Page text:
Time of Corn and Las Semillas del Pueblo
I was invited to participate in Calaca Cultural Center’s exhibition Time of Corn, a contemporary day of the dead exhibit. This struck a cord with me because It was the perfect opportunity to paint a folklore that I had been told many years ago about Quetzalcoatl and the ants.
As deity, culture hero, or legendary ruler, Quetzalcoatl appeared in some of the region’s most powerful and enduring stories. He represented life, motion, laughter, health, sexuality, and the arts and crafts of civilization, such as farming, cooking, and music. Read more: http://www.mythencyclopedia.com/Pr-Sa/Quetzalcoatl.html#ixzz3Fivy7ln6
In the tale, Quetzalcoatl noticed his view in the sky these small insects the ant. coming in and out working together to remove the seeds from this mountain. So, he transformed himself into an ant to ask the other ants what this seed was. He also bit into the seed and realized he could create people and a self sustaining culture.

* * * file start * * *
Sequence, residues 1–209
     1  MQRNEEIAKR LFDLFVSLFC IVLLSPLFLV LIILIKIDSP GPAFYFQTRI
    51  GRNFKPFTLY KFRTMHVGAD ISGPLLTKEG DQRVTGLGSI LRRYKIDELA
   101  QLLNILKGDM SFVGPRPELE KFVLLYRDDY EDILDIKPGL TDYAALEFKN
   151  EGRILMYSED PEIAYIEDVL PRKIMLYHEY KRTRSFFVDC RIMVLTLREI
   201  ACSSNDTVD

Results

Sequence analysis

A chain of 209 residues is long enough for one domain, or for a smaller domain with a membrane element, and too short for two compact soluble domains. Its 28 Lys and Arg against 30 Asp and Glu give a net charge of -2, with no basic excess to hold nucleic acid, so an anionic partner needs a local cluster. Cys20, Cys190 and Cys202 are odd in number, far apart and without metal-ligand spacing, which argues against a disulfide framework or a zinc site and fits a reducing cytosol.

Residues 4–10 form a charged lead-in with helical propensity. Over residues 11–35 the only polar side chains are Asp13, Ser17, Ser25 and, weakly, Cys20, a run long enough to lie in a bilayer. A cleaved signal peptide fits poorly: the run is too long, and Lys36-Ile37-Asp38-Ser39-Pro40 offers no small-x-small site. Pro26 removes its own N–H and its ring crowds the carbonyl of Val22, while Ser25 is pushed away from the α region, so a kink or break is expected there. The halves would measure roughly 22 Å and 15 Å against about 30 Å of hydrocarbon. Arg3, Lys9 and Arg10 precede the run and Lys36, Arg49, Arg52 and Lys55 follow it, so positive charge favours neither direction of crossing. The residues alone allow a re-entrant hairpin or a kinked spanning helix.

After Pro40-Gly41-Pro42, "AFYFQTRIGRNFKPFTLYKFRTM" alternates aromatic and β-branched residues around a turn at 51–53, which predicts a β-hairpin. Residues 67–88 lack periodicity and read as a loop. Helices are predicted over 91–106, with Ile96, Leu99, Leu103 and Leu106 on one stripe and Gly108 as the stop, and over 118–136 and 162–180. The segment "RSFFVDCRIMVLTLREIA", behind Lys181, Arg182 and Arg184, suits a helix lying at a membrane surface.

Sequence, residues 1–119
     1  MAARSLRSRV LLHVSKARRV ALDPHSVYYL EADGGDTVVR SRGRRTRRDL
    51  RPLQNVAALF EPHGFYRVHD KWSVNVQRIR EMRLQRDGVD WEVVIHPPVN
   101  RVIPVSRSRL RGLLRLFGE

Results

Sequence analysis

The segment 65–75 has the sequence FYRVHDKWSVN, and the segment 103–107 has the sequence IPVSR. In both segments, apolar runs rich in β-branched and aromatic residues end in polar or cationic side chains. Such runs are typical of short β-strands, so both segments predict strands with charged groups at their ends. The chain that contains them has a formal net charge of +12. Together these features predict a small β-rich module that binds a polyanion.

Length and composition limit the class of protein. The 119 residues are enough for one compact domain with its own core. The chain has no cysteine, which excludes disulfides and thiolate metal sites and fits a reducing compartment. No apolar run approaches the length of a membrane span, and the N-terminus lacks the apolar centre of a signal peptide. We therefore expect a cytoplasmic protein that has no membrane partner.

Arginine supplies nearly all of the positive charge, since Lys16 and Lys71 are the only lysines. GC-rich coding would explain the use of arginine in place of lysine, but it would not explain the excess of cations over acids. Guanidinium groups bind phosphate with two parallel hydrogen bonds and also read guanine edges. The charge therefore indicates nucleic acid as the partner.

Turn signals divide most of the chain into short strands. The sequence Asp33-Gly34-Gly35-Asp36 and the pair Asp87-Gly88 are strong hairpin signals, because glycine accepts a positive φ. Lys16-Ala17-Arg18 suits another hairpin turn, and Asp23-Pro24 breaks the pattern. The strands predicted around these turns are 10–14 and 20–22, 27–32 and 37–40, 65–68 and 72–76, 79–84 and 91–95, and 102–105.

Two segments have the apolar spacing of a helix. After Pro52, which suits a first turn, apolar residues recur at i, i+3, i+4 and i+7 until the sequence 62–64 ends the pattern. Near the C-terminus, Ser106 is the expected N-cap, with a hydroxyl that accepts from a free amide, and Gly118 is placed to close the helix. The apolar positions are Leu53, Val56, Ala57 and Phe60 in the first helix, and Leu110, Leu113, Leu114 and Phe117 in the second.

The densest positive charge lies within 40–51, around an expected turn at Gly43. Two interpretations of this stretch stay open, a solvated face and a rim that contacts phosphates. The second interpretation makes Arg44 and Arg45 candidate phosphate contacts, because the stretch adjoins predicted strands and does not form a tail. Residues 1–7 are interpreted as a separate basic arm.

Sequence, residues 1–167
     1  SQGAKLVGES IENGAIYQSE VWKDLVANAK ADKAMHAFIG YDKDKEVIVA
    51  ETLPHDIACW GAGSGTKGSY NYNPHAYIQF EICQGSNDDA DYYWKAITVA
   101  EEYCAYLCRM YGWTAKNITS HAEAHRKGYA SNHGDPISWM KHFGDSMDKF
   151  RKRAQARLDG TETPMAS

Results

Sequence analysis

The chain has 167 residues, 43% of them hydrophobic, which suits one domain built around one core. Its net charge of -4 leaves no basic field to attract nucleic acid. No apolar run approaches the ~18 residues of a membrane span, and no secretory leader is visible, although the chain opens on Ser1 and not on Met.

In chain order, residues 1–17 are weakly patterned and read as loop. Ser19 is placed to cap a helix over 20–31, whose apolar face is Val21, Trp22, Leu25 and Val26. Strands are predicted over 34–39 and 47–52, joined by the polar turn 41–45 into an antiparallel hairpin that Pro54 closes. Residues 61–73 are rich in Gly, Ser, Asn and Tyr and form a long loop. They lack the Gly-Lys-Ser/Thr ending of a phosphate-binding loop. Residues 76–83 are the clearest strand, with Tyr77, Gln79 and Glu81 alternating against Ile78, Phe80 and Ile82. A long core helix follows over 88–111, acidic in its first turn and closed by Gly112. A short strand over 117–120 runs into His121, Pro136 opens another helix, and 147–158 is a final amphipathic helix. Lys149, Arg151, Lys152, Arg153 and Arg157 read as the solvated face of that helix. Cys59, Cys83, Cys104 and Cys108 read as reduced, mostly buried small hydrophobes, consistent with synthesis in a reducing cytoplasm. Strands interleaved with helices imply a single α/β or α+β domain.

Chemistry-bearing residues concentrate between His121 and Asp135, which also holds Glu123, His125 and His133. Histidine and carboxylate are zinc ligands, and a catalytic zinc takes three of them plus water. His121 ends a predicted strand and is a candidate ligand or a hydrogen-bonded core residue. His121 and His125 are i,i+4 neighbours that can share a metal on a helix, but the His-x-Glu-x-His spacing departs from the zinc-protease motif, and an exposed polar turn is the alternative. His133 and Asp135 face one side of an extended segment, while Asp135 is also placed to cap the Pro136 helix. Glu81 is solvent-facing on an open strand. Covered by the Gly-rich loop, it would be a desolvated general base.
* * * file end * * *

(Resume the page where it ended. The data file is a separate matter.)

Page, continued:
My art piece speaks of where people came from, what corn does for the ground a reminder of how the corn and ground work together like a community. So, I used bright colors and featured Tlaloc
as huge rain cloud with lush garden, lighting striking the mountain, ants carrying blocks with representation of life, the sun, the flower, the ant, the skull. I named the piece, Las Semillas del Pueblo, which translates to- “the seeds of the community”- and in so many ways represents what I continually advocate through my work and own community!
Felt great to finally create this piece and have it be part of a wonderfully curated art exhibition by Marco Albarran, Director of Calaca Cultural Center in Phoenix, AZ. The exhibition will continue through October 24, 2014 at Frontal Lobe Gallery
1301 Grand Avenue, Phoenix, AZ. View photos of the exhibit & opening here